DELIUM Tires - Rugged, Versatile, and Cheap!
Delium Tires Rugged & Versatile Review
It is not uncommon for random boxes to show up at my door. Some of them expected but forgotten about and some catch me by surprise. When a box containing tires from DELIUM appeared a couple of months ago, I was a little surprised. It must have been Pete, doing Pete things and signing me up for an adventure in grip uncertainty. Upon opening the box, I was slapped in the face by a smell of fresh rubber that tingled my speedy senses.
DELIUM it said, on the blue, unfamiliar label. Tire merchandising follows a certain colour coding principle and I failed recognize the palette I was presented with. Accepting this unknown, I did what any normal person would do with fresh rubber; I pulled out the kitchen scale to weigh the tires.
Few things in life are as complicated as navigating the tread patterns, rubber compounds, and casing matrices of tire manufacturers. It's maybe the only reason we still have people working at bike shops; helping us choose between EXOs and GRAVITYs and grips and gripes. Delium keeps things simpler and offers three casing options, each with its own rubber compound.
Light, All-Round, Reinforced.
Dual, Soft Triple and Extra Soft Triple.
Surely this will alienate some people, but there is something comforting about a number of options that doesn't mentally cripple the customer. Here on the North Shore we generally start the tire selection process by picking a compound, then figuring out what casings that compound is offered in. It’s a luxury that Maxxis trained us for and it’s not healthy. It drives the prices up as more and more SKUs are added to the list every year. We damn well know the chase for more grip psychologically influences the way we ride the bike. I first noticed this last year with my Teravail review. A tire with an impossibly hard compound opened up huge terrain for me even in the dead of winter. While most of the MaxxGrip tires felt dead in the frozen land, the comparatively harder rubber on the Kessels was seemingly unaffected by the temperature drop. When the temperatures rose and moisture levels remained high, the Teravails did not perform their best. I never had MaxxGrip envy during my time on them. I felt comfortable with my tire choice and rode anything and everything my peers did. The MaxTerra DHFs on my hardtail don't hold me back more than the lack of rear suspension. So at times I get confused about what tires to choose and suggest. And this realization got me thinking.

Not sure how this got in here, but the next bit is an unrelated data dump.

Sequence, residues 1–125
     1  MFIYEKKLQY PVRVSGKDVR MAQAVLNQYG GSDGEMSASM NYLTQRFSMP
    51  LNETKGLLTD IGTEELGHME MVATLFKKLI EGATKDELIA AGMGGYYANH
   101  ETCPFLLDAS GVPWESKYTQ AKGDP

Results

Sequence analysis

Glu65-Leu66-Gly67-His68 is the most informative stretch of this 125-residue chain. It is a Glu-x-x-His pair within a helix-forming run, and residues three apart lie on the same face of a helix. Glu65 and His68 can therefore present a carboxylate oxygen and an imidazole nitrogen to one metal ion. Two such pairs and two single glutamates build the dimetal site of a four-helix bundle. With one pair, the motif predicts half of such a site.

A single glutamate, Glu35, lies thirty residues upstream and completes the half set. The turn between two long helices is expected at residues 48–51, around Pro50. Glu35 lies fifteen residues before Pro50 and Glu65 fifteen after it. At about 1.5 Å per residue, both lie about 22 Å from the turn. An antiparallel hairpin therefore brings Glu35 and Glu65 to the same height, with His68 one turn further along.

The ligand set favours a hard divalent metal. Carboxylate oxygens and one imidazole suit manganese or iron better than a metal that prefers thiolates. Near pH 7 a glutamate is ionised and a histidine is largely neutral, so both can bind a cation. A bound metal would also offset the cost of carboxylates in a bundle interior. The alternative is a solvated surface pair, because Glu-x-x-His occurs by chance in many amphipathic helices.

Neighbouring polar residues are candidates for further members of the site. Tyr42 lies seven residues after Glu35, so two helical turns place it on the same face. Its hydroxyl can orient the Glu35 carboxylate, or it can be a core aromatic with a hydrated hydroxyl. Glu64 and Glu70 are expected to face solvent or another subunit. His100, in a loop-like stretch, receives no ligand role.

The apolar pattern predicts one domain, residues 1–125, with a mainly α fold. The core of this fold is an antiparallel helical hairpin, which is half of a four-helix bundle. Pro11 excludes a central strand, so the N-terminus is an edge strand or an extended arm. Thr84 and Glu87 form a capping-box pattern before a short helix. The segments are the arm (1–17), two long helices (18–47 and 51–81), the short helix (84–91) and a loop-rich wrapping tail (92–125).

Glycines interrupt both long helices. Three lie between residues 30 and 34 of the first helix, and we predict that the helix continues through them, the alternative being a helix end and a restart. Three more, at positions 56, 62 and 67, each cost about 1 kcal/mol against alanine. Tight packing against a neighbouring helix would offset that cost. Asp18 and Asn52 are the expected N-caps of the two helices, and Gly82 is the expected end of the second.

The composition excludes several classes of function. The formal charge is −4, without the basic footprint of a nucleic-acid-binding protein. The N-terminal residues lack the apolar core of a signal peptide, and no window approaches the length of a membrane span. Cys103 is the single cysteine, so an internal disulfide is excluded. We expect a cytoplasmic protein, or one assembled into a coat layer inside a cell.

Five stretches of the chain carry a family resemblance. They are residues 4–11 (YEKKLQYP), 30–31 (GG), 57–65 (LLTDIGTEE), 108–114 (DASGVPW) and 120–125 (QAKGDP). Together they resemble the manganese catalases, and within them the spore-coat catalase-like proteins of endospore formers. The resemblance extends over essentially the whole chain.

What if the OEM market wasn’t entirely saturated with logos we are familiar with?
What if there were other players that offered similar or better performance products that I could bet my limbs on? Maybe even for less money.
After weighing the burliest Deliums on the kitchen scale, I popped them onto my We Are One Unions without any fuss. Well, the floor pump couldn’t seat them on its own so a shot from an air canister came in handy to loudly pop the beads into place. 4 oz of Orange Sealant later, I had a set of tires that looked as aggressive as a dude in an Ed Hardy Shirt. The Rugged option went on the front and the Versatile on the rear. The tread patterns looked familiar to the trained eye. The Assegai similarity of the Rugged and DHF/Verdict/Butcher look of the Versatile was comforting to me. I'm not sure how the in-house copyright people at Maxxis, Specialized and WTB feel about that but there must be subtle differences that navigate these copyrights while delivering expected performance.
Reinforced casing brings Extra Soft Triple Compound to the Deliums and that means that the Side knobs flex around at 42a rubber and the center knobs at 50a. They both sit atop a 60a base layer that keeps things in order and a Triple Zone Casing adds nice rigidity and damping. These are exactly the same numbers for the MaxxGrip. The 29x2.5 tires came in at 1257 g for the Versatile and 1293 g for the Rugged. These numbers are well aligned with the Double Down or Gravity casings from Maxxis. I was a little worried about having to spin these heavy tires up the hill for everyday riding. Upon leaving the driveway for the first ride, one observation was the lack of sound that dogs the MaxxGrip Assegai on tarmac. The familiar sound that resembles a lazy driver who leaves their winter tires on all year long. You can feel your soul leaving you as you grunt up the hill on suction cups.